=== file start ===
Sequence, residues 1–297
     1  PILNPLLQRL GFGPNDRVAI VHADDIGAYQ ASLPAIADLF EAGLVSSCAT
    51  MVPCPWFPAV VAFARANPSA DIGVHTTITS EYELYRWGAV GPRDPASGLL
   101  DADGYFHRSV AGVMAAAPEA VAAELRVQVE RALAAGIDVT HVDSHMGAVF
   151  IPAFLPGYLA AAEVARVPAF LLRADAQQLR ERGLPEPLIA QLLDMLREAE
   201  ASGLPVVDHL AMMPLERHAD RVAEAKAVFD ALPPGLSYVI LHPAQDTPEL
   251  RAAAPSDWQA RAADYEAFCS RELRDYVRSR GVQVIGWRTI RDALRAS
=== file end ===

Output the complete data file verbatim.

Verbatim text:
Sequence, residues 1–297
     1  PILNPLLQRL GFGPNDRVAI VHADDIGAYQ ASLPAIADLF EAGLVSSCAT
    51  MVPCPWFPAV VAFARANPSA DIGVHTTITS EYELYRWGAV GPRDPASGLL
   101  DADGYFHRSV AGVMAAAPEA VAAELRVQVE RALAAGIDVT HVDSHMGAVF
   151  IPAFLPGYLA AAEVARVPAF LLRADAQQLR ERGLPEPLIA QLLDMLREAE
   201  ASGLPVVDHL AMMPLERHAD RVAEAKAVFD ALPPGLSYVI LHPAQDTPEL
   251  RAAAPSDWQA RAADYEAFCS RELRDYVRSR GVQVIGWRTI RDALRAS